Intel completes an Exascale research triple play

Today Intel formally announced the third in a series of joint research centers focused on driving high-performance computing systems to exascale levels. Exascale means performance surpassing a billion billion computations per second — enough to hypothetically scan through every word ever spoken by humanity in about the time it took you to read this sentence.

These research centers are all new members of the Intel Labs Europe network:

- Exascale Computing Research Center, Paris (France) – December 2009

- ExaCluster Laboratory, Juelich (Germany) – May 2010

- ExaScience Lab, Leuven (Belgium) – today

Reaching the next level of supercomputing performance is about more than just reaching an arbitrary milestone. It’s about crossing many different thresholds of possibility that reside in the Exa-scale domain, to provide scientists and doctors new tools to draw new insights from of massive amounts of data. It’s about, along the way, developing the technologies that will one day allow the cloud to scale to level where massive distributed computers can simulate reality and synthesize “holodeck” like science-fiction experiences. And, over the long term, high performance tecnhologies become personal technologies — your PC today probably has more computing capability than a supercomputer from 20 years ago. Reaching exascale is about shaping the coming decades of computing.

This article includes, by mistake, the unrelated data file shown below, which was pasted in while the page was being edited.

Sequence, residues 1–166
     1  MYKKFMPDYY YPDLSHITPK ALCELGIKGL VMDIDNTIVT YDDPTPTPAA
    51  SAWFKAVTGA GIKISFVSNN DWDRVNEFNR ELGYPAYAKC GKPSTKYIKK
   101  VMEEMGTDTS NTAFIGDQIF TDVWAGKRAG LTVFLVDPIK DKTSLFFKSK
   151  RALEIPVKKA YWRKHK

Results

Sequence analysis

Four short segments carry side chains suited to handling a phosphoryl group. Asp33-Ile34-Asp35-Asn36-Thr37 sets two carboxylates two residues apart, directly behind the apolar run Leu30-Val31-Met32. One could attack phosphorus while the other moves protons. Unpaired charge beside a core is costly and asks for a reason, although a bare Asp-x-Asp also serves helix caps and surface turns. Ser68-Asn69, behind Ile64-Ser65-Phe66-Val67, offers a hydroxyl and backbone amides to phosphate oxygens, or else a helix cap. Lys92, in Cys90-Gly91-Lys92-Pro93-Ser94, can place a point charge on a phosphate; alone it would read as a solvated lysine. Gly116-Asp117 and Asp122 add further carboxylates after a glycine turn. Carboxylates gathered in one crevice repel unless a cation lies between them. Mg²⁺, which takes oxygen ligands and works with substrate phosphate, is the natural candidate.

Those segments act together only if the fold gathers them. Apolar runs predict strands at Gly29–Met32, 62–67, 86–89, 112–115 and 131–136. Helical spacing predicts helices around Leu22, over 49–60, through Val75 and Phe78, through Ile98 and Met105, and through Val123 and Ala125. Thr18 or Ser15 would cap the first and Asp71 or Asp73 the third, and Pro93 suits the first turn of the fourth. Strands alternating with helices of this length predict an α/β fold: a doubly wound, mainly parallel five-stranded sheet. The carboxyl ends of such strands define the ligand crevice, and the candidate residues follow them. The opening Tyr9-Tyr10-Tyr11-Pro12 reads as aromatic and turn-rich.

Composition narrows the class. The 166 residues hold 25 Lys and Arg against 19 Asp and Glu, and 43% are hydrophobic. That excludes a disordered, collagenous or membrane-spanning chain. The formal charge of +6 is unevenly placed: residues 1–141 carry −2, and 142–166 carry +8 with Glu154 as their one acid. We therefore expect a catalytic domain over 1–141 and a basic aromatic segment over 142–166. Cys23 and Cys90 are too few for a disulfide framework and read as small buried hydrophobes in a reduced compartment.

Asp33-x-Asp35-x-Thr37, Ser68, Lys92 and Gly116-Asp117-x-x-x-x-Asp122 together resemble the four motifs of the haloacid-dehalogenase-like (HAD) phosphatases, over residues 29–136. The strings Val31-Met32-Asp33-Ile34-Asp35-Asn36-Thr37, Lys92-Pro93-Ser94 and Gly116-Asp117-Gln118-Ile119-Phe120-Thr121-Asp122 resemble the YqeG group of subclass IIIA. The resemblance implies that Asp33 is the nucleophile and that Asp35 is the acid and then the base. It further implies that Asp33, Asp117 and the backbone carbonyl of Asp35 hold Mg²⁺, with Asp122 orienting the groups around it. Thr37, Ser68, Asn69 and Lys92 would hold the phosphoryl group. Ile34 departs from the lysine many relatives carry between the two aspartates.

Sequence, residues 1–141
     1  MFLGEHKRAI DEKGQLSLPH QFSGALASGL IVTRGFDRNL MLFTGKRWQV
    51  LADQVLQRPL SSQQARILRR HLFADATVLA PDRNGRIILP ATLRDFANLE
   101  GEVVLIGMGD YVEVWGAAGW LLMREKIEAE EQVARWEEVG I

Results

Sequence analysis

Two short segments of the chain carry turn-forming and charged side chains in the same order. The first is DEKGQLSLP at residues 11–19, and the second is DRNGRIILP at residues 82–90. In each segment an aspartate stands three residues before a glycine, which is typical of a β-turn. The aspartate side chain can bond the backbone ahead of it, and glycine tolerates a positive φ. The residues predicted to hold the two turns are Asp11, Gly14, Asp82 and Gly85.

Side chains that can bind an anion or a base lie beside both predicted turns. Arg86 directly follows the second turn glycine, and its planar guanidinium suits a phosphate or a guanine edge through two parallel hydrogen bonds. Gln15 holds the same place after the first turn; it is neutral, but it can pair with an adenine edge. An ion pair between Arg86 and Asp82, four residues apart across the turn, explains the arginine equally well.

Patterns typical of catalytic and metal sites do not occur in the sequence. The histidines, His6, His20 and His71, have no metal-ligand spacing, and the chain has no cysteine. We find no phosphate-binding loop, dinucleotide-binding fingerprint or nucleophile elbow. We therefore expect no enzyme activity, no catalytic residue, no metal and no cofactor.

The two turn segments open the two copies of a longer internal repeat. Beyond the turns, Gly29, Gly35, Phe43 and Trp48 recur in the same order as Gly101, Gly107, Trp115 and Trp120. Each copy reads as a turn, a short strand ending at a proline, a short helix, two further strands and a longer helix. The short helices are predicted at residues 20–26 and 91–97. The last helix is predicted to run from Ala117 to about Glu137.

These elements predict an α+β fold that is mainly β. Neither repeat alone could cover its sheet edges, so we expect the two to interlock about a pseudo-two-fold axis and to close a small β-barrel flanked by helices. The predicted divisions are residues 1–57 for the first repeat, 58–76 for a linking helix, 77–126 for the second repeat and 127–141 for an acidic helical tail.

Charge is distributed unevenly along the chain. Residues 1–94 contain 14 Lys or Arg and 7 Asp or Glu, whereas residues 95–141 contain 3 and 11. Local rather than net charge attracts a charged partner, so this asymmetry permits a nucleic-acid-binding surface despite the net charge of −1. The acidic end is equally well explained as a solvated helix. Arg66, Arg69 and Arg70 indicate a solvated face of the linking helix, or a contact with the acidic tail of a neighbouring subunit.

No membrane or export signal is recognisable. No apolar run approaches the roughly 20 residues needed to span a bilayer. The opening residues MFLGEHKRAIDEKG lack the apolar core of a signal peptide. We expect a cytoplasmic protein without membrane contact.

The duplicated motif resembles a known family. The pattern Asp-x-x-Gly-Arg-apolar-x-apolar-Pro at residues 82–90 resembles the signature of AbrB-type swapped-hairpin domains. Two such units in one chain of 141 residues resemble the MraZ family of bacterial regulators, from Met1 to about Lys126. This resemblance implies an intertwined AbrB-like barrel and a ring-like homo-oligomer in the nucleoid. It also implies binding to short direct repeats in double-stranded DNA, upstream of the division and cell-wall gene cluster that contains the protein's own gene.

These labs begin research as Intel unveils new plans for the Intel® Many Integrated Core architecture, which build upon Intel’s history of many-core related research including Intel’s “Larrabee” program and Single-chip Cloud Computer. Taken together, this represents a major effort from Intel to work with industry and academic collaborators to break down the barriers to unlocking truly phenomenal computing capabilities for the future.

One Response to Intel completes an Exascale research triple play

  1. UK Iyer says:

    All this effort could be multiplied manifold simply by going in for a chip that could provide for one hundred percent compression i.e. limitless data stored in less than or in 108 bytes. I have spent over a decade in reaching this far – all alone. May be, together we can change the way computing/storage etc. etc. is carried out For base idea, you may take a look at